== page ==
In 2021, Women Filled 47% Of U.S. Based Open Leadership Roles At Apple
Apple released its diversity numbers for 2021 and women stand out as the underrepresented group the high-tech employer made the most progress with. Almost a year from her hiring, I spoke to Barbara H. Whye, Apple's V.P. of Inclusion and Diversity, about her work, the progress and what she referred to as "places of vulnerability." "At Apple, we are really trying to make sure that we're reflective of the world around us and in order for us to be representative of the future, we have to start that work right now. We must dig really deeply both on the representation because you can't include who you don't have, but also on inclusion, specifically around retention because you're going to lose quickly who you don't include," Whye says before digging into some of the numbers. If Apple events are something to go by as far as how Apple wants to be more reflective of the world around it, we have certainly seen more diversity on stage since moving to a digital format due to the pandemic. Events are, of course, a performance. Still, the women on stage have grown in numbers and seniority, reflecting the world around Apple and, more importantly, the work on representation and progression inside the company. That said, I long for more moments like the Bozama Saint John's presentation at Apple's Developer Conference in 2013. "Boz," a Black woman leading marketing for Apple Music, was not just on stage but owned that stage and commanded the room while at the same time calling out the lack of diversity in it.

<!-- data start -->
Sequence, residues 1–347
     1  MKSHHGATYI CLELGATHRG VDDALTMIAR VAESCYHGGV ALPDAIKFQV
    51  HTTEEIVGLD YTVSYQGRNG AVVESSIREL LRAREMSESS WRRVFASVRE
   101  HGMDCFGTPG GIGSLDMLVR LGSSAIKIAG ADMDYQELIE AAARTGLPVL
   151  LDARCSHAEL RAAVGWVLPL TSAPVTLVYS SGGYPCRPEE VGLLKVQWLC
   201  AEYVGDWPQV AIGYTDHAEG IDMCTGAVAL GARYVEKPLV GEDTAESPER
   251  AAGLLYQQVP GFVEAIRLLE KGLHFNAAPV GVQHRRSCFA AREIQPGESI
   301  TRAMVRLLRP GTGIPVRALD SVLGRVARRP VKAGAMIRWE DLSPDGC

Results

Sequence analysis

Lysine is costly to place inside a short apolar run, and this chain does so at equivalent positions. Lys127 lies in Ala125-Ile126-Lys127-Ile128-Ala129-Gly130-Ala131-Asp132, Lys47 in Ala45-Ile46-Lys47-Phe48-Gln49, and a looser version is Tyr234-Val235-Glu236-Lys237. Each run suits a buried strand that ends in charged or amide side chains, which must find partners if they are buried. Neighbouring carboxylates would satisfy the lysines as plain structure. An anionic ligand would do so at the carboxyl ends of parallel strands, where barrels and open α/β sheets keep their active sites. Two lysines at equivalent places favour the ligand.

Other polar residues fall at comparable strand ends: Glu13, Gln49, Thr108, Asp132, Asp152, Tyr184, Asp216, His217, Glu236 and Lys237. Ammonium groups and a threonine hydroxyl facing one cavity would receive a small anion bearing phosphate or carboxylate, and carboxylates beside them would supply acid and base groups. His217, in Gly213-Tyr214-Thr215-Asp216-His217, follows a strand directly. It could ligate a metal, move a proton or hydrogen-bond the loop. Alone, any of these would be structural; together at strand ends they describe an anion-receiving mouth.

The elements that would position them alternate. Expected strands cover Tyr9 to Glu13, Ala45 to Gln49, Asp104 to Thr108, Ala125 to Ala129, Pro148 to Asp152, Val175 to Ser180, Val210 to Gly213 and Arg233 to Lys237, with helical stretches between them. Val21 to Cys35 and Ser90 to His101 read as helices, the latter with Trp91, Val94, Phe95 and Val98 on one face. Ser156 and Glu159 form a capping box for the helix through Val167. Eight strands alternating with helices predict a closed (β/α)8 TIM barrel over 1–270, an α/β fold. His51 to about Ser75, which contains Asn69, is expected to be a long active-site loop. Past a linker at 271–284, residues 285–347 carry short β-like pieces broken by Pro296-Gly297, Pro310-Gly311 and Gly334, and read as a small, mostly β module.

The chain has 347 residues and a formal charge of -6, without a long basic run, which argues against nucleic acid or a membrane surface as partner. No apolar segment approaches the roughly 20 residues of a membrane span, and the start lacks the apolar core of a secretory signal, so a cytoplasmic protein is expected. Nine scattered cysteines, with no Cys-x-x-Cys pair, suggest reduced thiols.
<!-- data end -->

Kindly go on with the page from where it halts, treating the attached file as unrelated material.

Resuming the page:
Apple has been reporting its diversity numbers since 2014 when its workforce was under 93 thousand employees when women represented 30% of the worldwide workforce, 20% filled technical roles and 28% had leadership positions. At the end of 2021 and a workforce counting over 165 thousand people, Apple had the highest number of women ever across its employees worldwide. With an increase of 89% since 2014, women now represent 34.8% of the workforce, holding 24.4% technical roles and 31.4% leadership positions.
Over the past year, Apple hired more Black and Hispanic/Latinx team members in the U.S. than ever before. Looking at the U.S. workforce overall, 50% of Apple's employees come from underrepresented groups, from women to Black, Hispanic, and Latinx. Black employees now make up 9.4% of Apple's U.S. workforce, and Hispanic and Latinx team members comprise 14.8% of Apple's U.S. employees.
In Apple Retail, since January 2021, 58% of open leadership roles globally have been filled by women. In the U.S., 23% of open Retail leadership roles were filled by Black candidates and 18% by Hispanic and Latinx candidates. Apple Retail has always been the most diverse part of the company's workforce and helped drive diversity numbers overall. So it is encouraging to see some improvement in technical roles and R&D. In R&D, 34 percent of open leadership roles were filled by women globally. In addition, employees from underrepresented communities filled 38 percent of open R&D leadership roles in the U.S. Black representation in technical roles is one area of vulnerability where Whye would like to see more progress as the percentage actually dropped from 6% in 2014 to 5.5% in 2021.
"We know leaders have responsibilities in this space for hiring and also for progression and retention. Some people refer to middle management as the "frozen middle," but I truly believe middle managers move the score. So it's important for us to see that," said Whye. Inclusion and diversity, explains Whye, must be top of mind from the very beginning of the hiring process using inclusive hiring methodology diverse interview panels, but it must be supported by making sure that there is equitable access to opportunities for internal movement all while fostering an inclusive environment so that talent can be retained.